The other day I came on this NPR story, which led me to this book, The Village Effect: How Face-to-Face Contact Can Make us Healthier, Happier, and Smarter. This idea, that human contact powers the world, is nothing new to us here Switchboard HQ. I’d say 75% of the interactions facilitated on Switchboard happen in real life, from farmers finding customersto people meeting over coffee to talk about non-traditional paths to tech careers.
I’ve highlighted nearly the entire book, but I wanted to share this passage. Pinker writes: “This book has shown that intimate contact is a basic human need. Indeed, most of us not born in Sardinian mountain villages still hanker for the feeling of belonging…that these villages bestow.” She goes on to quote American historian Christopher Lasch who had this to say about the social contract in the ’90s, soon after the word “cyberspace” came on the scene.
"We wanted our children to grown up in a kind of extended family, or at least with an abundance of ‘significant others.’ A house full of people; a crowded table ranging across the generations; four-hand music at the piano; nonstop conversation and cooking; baseball games and swimming in the afternoon; long walks after dinner; a poker game or Diplomacy or charades in the evening, all these activities mixing adults and children—that was our idea of a well-ordered household and more specifically a well-ordered education…Home was not to be thought of as the nuclear family.”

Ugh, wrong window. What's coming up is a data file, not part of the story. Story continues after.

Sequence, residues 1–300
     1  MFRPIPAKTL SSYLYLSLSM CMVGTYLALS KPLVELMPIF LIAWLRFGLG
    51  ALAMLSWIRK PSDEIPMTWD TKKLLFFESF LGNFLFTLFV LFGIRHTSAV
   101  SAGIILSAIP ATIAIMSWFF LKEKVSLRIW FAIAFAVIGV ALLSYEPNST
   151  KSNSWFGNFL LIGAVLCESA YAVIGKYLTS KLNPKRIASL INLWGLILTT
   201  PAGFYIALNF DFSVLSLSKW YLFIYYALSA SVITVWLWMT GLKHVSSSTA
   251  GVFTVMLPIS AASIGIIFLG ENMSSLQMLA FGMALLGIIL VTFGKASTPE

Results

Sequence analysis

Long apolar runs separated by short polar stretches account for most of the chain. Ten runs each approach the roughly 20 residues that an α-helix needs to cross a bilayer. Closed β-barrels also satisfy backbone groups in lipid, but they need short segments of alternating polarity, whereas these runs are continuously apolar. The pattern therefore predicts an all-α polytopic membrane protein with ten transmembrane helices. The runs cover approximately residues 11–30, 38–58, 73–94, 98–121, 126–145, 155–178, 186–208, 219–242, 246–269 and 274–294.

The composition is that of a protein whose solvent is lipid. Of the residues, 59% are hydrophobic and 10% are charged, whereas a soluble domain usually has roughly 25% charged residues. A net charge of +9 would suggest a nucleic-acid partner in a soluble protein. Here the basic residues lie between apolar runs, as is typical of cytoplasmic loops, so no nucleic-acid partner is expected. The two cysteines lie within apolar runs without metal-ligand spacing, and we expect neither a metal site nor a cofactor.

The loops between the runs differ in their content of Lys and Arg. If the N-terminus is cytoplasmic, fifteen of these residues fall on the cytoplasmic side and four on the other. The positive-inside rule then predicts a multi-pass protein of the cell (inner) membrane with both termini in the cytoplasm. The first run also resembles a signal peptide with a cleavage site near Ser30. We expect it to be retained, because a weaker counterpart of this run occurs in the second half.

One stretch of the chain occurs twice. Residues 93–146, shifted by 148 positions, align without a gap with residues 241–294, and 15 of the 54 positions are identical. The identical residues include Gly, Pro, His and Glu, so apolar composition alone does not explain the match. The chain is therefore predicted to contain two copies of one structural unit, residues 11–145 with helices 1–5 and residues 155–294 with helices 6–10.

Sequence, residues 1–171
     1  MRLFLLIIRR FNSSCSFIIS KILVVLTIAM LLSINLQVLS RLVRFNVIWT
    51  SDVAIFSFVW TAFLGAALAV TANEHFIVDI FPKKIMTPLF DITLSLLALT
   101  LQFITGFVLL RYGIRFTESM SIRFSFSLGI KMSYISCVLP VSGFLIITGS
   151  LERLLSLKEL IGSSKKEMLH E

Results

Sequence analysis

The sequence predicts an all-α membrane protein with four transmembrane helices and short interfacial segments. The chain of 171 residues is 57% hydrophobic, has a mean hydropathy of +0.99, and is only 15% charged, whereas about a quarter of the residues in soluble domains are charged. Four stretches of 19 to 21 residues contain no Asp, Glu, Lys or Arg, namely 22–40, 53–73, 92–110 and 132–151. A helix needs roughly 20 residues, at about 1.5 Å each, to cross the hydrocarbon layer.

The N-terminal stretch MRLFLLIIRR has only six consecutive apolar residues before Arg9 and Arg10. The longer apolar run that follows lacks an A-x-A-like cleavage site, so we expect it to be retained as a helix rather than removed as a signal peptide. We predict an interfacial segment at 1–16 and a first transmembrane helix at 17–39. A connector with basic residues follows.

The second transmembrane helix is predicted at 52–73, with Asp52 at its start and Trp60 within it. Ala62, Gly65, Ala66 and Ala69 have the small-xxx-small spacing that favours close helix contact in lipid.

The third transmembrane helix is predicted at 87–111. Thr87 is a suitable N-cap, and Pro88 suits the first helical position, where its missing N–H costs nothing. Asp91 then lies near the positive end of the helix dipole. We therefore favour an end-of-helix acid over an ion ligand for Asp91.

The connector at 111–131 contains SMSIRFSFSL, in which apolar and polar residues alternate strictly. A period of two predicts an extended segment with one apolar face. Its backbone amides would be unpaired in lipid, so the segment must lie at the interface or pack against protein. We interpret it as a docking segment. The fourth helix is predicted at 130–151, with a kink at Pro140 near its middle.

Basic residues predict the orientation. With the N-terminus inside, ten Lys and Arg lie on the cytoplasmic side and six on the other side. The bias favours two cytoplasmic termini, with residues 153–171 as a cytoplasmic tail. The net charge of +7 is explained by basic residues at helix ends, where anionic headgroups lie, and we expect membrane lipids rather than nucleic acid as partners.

We’ve seen at Switchboard that we cobble together these extended families with the people we trust. Over at the Switchboard for women cyclists Kassandra posted this ask for care package ideas after a member of her extended family was in a bike accident…
And here’s how it all resolved:
Melinda, a total stranger until this “village” was created, offers to lend a hand:
At Switchboard we’re interested in making it easier for these villages of significant others can gather online so we can reunite at the dinner table, the piano, or the bedside of a friend in need. The internet shouldn’t feel like home, but it should make home easier to find.